The never-officially-opened Old City nightclub Barataria and its hypothetical companion tapas restaurant bos lafitte are now in “a holding pattern,” says event coordinator Dustin Basalla. In other words, it’s not happening—yet. The delay comes as a result of some unforeseen cash flow problems.
“We just had a major investor pull out,” says Basalla. The unnamed investor, who Basalla says is a family friend of the club’s owner Nathan Brown (who’s also a co-owner of Unarmed Merchants), had to pull his interest in the club after some big hits in the recently dismal stock market.
Despite some promising pre-opening events, including a handful of well-attended shows this fall—the Oct. 17 Jazz for Justice concert and a Halloween party with headliners Cutthroat Shamrock, to name two—the venue, located in the old Blue Cats/Tonic complex on Jackson Avenue is still open for private parties, but it’s cancelled all of its upcoming public events. That includes a planned New Year’s Eve show with Scott Miller and the Commonwealth.
“There’s no way we could have afforded Scott Miller’s rider,” Basalla says.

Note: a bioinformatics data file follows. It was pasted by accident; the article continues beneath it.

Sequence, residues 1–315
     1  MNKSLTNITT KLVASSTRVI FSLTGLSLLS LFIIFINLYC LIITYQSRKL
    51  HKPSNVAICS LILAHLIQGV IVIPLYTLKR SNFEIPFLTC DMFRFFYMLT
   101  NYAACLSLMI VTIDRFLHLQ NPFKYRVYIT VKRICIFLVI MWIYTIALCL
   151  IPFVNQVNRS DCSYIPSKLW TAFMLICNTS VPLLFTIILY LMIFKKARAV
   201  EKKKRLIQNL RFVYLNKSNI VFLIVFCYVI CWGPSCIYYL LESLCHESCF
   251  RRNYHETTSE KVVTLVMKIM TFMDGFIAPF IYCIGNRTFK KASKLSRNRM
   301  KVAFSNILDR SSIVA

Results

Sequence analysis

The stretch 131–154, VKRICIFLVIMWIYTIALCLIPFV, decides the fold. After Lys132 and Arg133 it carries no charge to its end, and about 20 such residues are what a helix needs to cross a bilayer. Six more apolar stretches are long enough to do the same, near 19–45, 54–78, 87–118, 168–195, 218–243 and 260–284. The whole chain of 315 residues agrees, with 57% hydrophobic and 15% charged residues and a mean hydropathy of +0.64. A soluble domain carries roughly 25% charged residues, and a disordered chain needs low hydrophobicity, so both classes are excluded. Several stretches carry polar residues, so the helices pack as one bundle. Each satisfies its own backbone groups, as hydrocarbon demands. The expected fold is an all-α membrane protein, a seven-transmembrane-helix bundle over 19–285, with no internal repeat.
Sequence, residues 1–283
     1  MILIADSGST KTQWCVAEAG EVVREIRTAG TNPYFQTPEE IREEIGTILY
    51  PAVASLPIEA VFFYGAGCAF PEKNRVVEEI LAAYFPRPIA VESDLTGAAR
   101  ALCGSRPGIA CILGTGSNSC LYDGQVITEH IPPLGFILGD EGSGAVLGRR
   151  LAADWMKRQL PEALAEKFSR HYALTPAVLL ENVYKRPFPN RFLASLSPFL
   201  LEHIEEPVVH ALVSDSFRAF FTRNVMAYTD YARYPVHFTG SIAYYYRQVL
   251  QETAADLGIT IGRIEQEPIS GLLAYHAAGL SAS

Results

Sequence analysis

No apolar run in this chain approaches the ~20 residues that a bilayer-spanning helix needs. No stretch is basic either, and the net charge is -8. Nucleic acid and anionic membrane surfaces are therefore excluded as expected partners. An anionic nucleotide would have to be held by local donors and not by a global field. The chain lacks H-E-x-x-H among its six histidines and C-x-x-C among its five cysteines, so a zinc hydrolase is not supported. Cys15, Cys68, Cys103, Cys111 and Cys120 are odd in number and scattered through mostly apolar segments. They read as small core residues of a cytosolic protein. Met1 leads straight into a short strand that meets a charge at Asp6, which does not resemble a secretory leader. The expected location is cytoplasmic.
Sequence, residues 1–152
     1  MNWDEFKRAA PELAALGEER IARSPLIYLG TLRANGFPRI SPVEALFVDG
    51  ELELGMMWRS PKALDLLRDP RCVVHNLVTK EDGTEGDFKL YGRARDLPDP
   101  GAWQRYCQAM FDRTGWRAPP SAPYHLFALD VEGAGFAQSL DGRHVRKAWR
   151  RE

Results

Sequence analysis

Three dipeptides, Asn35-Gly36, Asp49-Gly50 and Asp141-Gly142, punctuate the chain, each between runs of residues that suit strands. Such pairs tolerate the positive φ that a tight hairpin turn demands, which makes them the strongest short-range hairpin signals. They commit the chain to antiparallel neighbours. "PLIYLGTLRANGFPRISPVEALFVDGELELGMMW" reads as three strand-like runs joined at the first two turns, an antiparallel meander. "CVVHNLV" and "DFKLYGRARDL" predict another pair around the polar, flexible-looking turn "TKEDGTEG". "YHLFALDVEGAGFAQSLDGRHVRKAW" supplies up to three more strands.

Last week, a note about the cancellation was posted on the message board section of Miller’s website, thescottmiller.com. Miller says he and his booking agent, Steve Hoiberg in Nashville, have discussed an alternate location for the show, but it seems unlikely any arrangements will be made on such short notice. Miller has performed in Knoxville on New Year’s Eve every year since 1990, with the exception of 1991, the year after his former band the V-Roys broke up.
“The date was confirmed,” Hoiberg says. “We had issued contracts, which in my mind means it was a done deal. That’s how things are done in this business. When it came time to pay his deposit, he suddenly did not have the money.”
Basalla says “nothing was ever signed” but also says that the show was being organized by an unidentified third party. “We were supposed to pay a deposit,” he says. “The deadline came and I told her I couldn’t do it. I haven’t personally talked to Scott Miller or his management.”
Basalla and Brown remain hopeful, and committed to seeing the venue through—especially Brown, who just sold a tract of land he inherited from his family in North Carolina, says Basalla. Basalla wouldn’t disclose how much money Barataria still needs, nor if there’s a tentative opening date yet, except to say that it’s getting close.
“We have our beer license,” he says. “We’re still working on getting our liquor license for the restaurant, but, you know, with the economy right now, everything is on hold.”